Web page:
Honda Motor Co. said Friday that it has developed a fuel-cell power generator, known as a stack, that enables a hydrogen-powered vehicle to start up at temperatures below freezing.

Making such a stack, which generates electricity to power an electric motor that actually propels the vehicle, has been a major technological goal for automakers hoping to promote the environmentally friendly cars.

The new stack can operate at temperatures as low as -20 by using a stamped metal separator and plastic aromatic electrolyte membranes as key components to generate electricity.

Its previous stack, which was developed in 2001 by using carbon separators and fluorine electrolyte membranes, operates only at temperatures above zero, company officials said.

The new stack can also generate 50 kw, while the previous stack generated 35 kw. The high power helps a fuel-cell vehicle smoothly accelerate.

Honda plans to conduct road tests this winter on its fuel-cell vehicles in Japan and the U.S. Northeast, using the new stacks.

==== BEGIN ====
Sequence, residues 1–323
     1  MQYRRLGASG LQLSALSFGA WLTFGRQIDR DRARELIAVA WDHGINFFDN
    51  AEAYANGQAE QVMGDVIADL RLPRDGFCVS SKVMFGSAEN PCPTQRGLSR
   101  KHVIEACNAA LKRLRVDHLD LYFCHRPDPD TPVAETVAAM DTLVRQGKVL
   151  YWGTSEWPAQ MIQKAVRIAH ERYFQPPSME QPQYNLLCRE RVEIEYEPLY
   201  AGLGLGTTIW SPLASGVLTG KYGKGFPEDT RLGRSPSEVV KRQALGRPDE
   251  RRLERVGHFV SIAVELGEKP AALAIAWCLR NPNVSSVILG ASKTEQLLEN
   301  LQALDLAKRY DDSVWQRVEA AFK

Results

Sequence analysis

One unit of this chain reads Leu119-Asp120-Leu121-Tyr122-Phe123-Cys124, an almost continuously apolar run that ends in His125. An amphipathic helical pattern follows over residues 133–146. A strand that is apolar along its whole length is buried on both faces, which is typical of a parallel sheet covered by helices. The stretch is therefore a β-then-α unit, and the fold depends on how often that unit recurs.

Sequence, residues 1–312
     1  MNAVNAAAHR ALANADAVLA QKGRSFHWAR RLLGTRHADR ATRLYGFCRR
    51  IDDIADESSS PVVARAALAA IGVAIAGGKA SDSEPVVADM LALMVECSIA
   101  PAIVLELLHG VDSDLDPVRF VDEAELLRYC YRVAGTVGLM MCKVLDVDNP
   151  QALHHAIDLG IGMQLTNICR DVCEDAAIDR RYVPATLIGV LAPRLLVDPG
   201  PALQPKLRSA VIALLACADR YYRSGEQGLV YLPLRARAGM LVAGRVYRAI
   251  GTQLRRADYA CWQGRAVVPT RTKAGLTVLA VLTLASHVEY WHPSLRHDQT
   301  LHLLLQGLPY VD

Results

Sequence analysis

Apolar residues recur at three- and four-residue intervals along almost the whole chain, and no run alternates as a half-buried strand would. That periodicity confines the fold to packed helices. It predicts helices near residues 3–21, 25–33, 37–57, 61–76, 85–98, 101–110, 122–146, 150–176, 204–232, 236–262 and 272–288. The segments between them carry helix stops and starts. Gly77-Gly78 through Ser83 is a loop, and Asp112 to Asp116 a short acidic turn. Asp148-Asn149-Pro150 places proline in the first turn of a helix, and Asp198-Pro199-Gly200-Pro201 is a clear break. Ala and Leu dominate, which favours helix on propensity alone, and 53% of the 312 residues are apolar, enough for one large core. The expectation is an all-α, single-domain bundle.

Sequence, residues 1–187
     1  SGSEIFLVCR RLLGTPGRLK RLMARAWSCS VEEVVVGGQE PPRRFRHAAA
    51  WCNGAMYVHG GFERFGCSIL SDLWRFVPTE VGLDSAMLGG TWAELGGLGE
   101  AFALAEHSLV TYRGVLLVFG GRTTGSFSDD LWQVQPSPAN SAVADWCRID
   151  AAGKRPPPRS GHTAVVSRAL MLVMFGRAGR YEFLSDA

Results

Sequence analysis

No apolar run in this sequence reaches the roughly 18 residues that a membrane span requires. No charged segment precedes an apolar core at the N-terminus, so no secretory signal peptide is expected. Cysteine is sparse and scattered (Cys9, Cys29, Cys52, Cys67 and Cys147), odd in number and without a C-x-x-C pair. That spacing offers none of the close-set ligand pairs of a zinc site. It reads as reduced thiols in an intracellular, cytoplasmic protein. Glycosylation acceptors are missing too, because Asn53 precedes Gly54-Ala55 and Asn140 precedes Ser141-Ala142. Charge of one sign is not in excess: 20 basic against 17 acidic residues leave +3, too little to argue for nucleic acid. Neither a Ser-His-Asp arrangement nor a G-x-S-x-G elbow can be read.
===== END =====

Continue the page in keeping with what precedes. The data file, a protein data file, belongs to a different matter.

The company has yet to decide when it will market a hydrogen vehicle with the new stack, company officials said.

Honda began leasing the fuel-cell vehicle FCX using stacks supplied by Canadian auto parts maker Ballard Power Systems Inc., to government authorities in Japan and California last December. The details of the Ballard stack’s components are not disclosed.

Compared with the FCX, however, a similar vehicle using Honda’s new stacks has 10 percent better fuel efficiency, according to Honda.

A fuel-cell vehicle is powered by electricity generated through a chemical reaction between hydrogen and oxygen in the stack, which is power generator. Because they emit water vapor instead of harmful exhaust gases, they are expected to replace gasoline-powered vehicles a few decades from now.

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